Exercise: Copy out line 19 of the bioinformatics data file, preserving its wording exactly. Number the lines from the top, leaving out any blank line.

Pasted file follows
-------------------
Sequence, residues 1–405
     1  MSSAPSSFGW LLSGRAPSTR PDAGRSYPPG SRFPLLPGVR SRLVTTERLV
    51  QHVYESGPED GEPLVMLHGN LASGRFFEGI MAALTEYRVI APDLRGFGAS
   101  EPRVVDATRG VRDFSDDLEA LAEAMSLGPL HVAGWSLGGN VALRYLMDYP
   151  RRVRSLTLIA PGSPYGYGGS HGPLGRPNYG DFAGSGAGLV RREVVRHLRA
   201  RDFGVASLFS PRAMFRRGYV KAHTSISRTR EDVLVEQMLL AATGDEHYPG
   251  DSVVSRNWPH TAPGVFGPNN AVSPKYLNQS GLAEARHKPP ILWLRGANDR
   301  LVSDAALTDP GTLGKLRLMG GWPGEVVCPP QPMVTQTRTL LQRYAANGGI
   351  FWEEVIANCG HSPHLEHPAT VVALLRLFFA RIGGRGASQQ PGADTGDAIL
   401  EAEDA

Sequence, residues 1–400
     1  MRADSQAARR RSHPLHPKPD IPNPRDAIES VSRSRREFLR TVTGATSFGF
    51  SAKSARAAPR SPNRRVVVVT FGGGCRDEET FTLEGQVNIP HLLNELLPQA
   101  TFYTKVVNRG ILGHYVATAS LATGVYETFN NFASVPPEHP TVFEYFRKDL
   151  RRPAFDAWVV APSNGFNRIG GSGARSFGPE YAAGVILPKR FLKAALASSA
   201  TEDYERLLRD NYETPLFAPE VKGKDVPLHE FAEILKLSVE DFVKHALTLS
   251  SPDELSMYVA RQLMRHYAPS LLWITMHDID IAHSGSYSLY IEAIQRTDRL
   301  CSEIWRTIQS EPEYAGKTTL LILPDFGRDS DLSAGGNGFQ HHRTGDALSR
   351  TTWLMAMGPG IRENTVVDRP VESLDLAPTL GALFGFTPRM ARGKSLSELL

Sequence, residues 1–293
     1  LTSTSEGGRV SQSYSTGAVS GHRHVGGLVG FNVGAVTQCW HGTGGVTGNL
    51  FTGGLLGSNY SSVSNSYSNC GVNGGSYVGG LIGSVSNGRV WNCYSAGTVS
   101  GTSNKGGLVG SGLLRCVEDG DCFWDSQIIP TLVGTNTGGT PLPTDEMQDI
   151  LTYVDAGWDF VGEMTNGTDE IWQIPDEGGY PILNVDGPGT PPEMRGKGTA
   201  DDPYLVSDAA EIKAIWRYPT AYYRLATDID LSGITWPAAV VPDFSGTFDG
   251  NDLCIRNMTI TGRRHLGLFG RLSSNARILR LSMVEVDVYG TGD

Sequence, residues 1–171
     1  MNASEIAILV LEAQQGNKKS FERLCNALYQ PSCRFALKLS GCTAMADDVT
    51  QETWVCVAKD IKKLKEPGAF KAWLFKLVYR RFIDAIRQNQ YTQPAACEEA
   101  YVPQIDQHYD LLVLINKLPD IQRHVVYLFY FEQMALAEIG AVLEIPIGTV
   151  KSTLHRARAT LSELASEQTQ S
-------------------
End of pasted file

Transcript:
   351  TTWLMAMGPG IRENTVVDRP VESLDLAPTL GALFGFTPRM ARGKSLSELL